Luckily for us though just as we were almost finished gearing up one of the others came up to the cars and told us we were saved! Maya's grandmother's neighbor was home and opened the front gate for us and we found the key under the mat in front of the house door! No sleeping outside for us!
Honestly sleeping outside wouldn't have been bad, but it was the end of september and I don't know if you know, but the end of September on the mediterranean means it's still Summer weather so none of us brought anything remotely warm enough to wear to sleep outside.
So we have a lot of history with that plaza up there. We almost spent the night on it!
Alright it's pretty late here and I have class in the morning so I will continue this Italy story tomorrow and let you read this portion while it's still daytime where you are!
French word for today
le couloir: Hallway
Thursday, September 17, 2009
I still don’t have internet in my apartment. Now I have to figure out who was the last person who lived here to get internet so the phone company can open the right line. So complicated.
Anyways, what did I do this weekend?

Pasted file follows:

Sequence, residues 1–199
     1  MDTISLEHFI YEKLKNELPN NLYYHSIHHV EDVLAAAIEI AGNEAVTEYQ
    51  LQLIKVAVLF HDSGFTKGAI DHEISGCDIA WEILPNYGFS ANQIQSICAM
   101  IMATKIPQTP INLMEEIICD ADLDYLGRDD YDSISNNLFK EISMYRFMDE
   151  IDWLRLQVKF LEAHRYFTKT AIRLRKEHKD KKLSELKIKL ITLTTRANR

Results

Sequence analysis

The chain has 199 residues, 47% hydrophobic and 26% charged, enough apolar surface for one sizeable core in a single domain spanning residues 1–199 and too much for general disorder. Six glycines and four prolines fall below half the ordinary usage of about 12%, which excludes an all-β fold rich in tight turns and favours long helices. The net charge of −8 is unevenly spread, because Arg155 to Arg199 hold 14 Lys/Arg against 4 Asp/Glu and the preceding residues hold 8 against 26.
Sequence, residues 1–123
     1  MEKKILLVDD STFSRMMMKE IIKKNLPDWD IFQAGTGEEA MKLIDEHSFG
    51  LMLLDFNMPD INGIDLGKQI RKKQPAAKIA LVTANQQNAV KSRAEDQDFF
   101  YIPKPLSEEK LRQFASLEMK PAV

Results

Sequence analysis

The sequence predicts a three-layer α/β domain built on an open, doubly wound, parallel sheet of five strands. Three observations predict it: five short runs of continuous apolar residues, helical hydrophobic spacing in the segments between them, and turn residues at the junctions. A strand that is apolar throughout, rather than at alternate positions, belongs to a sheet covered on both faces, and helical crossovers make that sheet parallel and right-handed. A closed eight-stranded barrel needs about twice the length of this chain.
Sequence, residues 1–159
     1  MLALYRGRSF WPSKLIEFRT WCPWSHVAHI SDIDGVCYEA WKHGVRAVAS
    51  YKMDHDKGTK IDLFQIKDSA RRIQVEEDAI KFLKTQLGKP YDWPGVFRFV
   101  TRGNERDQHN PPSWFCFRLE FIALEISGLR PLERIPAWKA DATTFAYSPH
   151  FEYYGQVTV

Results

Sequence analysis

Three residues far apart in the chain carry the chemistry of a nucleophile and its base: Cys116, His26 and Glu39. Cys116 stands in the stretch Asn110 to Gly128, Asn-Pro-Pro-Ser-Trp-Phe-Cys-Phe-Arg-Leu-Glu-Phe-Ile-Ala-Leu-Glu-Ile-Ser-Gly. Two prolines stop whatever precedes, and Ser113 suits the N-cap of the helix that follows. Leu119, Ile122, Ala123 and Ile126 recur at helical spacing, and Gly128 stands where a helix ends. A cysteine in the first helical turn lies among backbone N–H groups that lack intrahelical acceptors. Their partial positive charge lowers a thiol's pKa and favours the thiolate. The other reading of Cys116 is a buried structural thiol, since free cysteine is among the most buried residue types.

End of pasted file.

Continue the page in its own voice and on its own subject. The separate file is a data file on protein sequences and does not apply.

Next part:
Leeeet’s see. I actually got up to go the big market that is by house on Saturday morning. It was an hour of bliss. I spent almost 20 euros on delicious fruits, vegetables, roast chicken, fresh pasta, jars of olive tapenade, and cookies. It was pretty bad of me to spend that much, but I really didn’t have any food and it was all so fresh and cheap compared to the supermarket which is usually the only place I have time to go to. There is a smaller market everyday in a square near my school, but it is over at one o’clock and that’s when I get out of my class. It is all very sad I know. The markets the markets. Oh man I can’t wait for tomorrow though because a long with the food market on Saturdays there is also a clothes/household/everything else market right next to it on Tuesdays/Thursdays/Saturdays. I’m going to get a leather bag for 20 euros! I am going to miss all of these markets when I go back to the US. We should definitely change our culture to have them.
Speaking of culture, my roommate and I were just talking about a main difference between America and France today. We were sitting at a restaurant/café around 5 pm and we ordered some coffee and although the place serves food it only serves food at the hours for lunch and for dinner, the rest of the day it’s open, but you can only get drinks. This is the same at almost all of the restaurants around Aix and probably true for most of France. I really could not see this flying in America. If you serve food at all you should be able to get it anytime of day. Although I guess America is a country on the go so we don’t have time to either wait around for the dinner or lunch hour or to stick to a routine. We are also a country of convenience and capitalism which is very much not France. If Americans will eat at anytime of the day and a restaurant can make money off of them then it will be done. Also, we want whatever we want when we want it. I’m not bagging on America or anything. I just think the differences are interesting.